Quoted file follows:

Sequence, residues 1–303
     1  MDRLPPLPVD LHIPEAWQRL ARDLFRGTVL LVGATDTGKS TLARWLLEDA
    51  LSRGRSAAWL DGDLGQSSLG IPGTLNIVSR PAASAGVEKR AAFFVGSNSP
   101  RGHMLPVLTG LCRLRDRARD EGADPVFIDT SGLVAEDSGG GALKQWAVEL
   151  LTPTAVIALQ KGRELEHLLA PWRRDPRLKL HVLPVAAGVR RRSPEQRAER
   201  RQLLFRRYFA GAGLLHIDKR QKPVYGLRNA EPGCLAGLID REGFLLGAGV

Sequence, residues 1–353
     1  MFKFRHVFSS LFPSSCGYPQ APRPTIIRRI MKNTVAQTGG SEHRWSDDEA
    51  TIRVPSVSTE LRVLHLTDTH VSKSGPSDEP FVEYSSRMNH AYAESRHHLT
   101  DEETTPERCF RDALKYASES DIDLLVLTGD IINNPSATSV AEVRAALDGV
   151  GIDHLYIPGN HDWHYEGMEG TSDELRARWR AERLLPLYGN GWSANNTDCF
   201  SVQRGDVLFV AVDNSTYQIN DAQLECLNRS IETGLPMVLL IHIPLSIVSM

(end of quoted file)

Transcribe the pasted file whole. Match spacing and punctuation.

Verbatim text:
Sequence, residues 1–303
     1  MDRLPPLPVD LHIPEAWQRL ARDLFRGTVL LVGATDTGKS TLARWLLEDA
    51  LSRGRSAAWL DGDLGQSSLG IPGTLNIVSR PAASAGVEKR AAFFVGSNSP
   101  RGHMLPVLTG LCRLRDRARD EGADPVFIDT SGLVAEDSGG GALKQWAVEL
   151  LTPTAVIALQ KGRELEHLLA PWRRDPRLKL HVLPVAAGVR RRSPEQRAER
   201  RQLLFRRYFA GAGLLHIDKR QKPVYGLRNA EPGCLAGLID REGFLLGAGV

Sequence, residues 1–353
     1  MFKFRHVFSS LFPSSCGYPQ APRPTIIRRI MKNTVAQTGG SEHRWSDDEA
    51  TIRVPSVSTE LRVLHLTDTH VSKSGPSDEP FVEYSSRMNH AYAESRHHLT
   101  DEETTPERCF RDALKYASES DIDLLVLTGD IINNPSATSV AEVRAALDGV
   151  GIDHLYIPGN HDWHYEGMEG TSDELRARWR AERLLPLYGN GWSANNTDCF
   201  SVQRGDVLFV AVDNSTYQIN DAQLECLNRS IETGLPMVLL IHIPLSIVSM